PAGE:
comes a matter of inevitable and absolute
necessity.' The present system of national
supervision is obviously temporary in its
plans and purposes, designed for . the
administration of our Indian affairs with
the least possible inconvenience, rather
than their ultimate reclamation followed
by the bestowment of citizenship. '". '. '
. .The presence of the Indian on this con
tinent is regarded as temporary 7 and the
impression is general that he must sur
render, his possessions, when 'he. shall
have been surrounded by the white race,
and the summons be sent in for his cus
tomary capitulation. If the sentiment is
not" as emphatic as" that expressed by
Cato arid .subsequently adopted as .the
policy of the Roman Senate,..' Carthage
est delenda - Carthage taust be destroy
ed it speaks in ' a language no less sig
nificant the destiny of the' red man is
extermination.' . .
.' ' ook3 tor the Attseaeum. .'I
Several books have been "received from
Mr, Amos A. Lawresce and Mrs. Mart
Webb, of Boston; tor the Lawrence -Ath-
eeneum, and a large aadiuon totnose al
ready received will be sent on to .this city
early - in. the spring,, wfiea " "navigation
opens; . r- f ,
-Our Athxneum, though young and in
its infancy, starts with fair prospects of
becoming one of the - first literary Insti
tutions in the country, May it prosper,
and shed its benign influences over the
minds of all the inhabitants of Kansas,
Is no doubt the ardent wish of its pioneer
founders. :
; " Further Information.
A gentleman writes us from Scales
Mound, Jo Daviess county, EUhois, sta
ting that a party of young men from that
vicinity purpose locating in Kaoas, at an
early day as possible in the spring. - He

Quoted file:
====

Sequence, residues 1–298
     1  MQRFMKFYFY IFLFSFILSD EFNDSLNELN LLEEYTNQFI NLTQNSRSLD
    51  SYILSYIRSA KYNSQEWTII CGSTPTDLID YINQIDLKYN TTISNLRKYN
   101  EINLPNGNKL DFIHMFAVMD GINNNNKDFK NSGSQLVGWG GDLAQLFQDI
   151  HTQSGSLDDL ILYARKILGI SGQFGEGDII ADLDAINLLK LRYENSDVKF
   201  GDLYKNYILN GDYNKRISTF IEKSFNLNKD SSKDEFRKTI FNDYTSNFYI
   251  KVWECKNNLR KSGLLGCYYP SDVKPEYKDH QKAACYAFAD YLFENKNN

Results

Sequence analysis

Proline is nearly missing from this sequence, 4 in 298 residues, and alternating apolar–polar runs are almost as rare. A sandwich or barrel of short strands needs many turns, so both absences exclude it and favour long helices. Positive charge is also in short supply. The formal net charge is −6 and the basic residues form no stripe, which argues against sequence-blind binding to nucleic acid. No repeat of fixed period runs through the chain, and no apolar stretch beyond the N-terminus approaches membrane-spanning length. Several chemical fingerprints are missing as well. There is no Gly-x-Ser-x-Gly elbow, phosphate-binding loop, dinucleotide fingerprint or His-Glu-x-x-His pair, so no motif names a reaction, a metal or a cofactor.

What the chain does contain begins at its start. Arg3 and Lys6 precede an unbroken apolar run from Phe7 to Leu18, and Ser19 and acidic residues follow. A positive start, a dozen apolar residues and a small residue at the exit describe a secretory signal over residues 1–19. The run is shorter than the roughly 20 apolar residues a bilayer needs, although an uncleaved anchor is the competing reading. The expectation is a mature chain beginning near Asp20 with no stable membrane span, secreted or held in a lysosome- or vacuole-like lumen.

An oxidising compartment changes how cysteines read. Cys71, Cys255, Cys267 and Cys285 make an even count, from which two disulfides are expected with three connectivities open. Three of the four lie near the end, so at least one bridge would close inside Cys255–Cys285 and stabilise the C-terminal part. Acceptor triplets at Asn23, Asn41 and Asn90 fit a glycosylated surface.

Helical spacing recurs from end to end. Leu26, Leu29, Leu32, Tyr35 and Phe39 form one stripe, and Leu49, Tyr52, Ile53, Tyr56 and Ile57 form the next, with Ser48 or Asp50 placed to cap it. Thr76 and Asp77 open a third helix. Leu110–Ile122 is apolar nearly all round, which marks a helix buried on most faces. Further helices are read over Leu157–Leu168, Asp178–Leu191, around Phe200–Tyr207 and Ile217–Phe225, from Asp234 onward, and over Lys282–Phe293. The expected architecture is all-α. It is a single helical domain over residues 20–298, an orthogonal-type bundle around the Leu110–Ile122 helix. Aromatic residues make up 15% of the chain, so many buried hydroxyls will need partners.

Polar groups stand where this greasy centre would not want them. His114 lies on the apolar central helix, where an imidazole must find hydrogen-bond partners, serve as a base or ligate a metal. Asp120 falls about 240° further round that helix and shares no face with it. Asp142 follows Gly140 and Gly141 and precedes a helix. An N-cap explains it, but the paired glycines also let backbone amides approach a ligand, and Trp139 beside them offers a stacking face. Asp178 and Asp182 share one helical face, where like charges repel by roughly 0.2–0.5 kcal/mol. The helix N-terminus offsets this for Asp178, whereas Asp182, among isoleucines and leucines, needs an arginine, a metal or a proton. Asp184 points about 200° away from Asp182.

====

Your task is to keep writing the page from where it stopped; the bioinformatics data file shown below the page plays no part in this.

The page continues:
desires to be made acquainted with the
best facilities for getting here with fami
lies; the cheapest tpute; what place is
considered the head of steamboat naviga
tion ou the Kansas "river; also such oth
er "in formation as may be deemed of par
ticular interest.
! iWe fire acquainted with no cheaper or
better route than that by way of St Lou
is, taking a steamer up the Missouri to
Kansas City, or Parkvlile, Mo., and from
there by private land conveyance to any
part of the Territory. We understand
that a couple of steamers will be put up
on the Kansas as soon as the river rises,
which usually is about the first of June ;
but it will probably ba quite too late for
the spring emigration.
' The ordinary cost of cabin passage.
including board, from St. Louis to Kan
sas City, iij 8 1 2. " Parties applying to B.
Slater, 2 Levee, St. Louis, will receive
passage on the best of boats for 810."
Tamilies in the western States having
teams, if they are not anxious to be here
in season to put in early spring crops, will
find their own conveyance much the
cheapest, provided they camp out on the
route. Their teams will be" in better con
dition, and qualified for doing more work
at the outset than if brought by water.
There were quite a number of horses
brought out by the Pennsylvania Compa
ny last fall. Two span1 came all the way
by land, bringing with them from ten to
twelve hundred pounds each. Eleven
came by railroad to Cincinnati,' and from
there by water to St. Louis. Those which
came by land arrived nearly as soon as
the others, and appeared but little . more
jaded with the journey. One of those
coming by the river--a valuable horse
worth 3230 broke its leg on the levee
in St. Louis, by the stepping carelessly on
a stone, showing that its long rest had
even impaired its bones.
-Eastern people, coming by land con
veyance through Missouri, would do well
to not let their destination be. known, as
they will find it extremely difficult, if not
impossible, to procure supplies if suspect
ed of entertaining anti-slavery views.
Fort Riley is at the head of steamboat
navigation on the Kansas river. The soil
in that section of the Territory is thinner
than in the eastern part, and less attract
ive to the pioneer.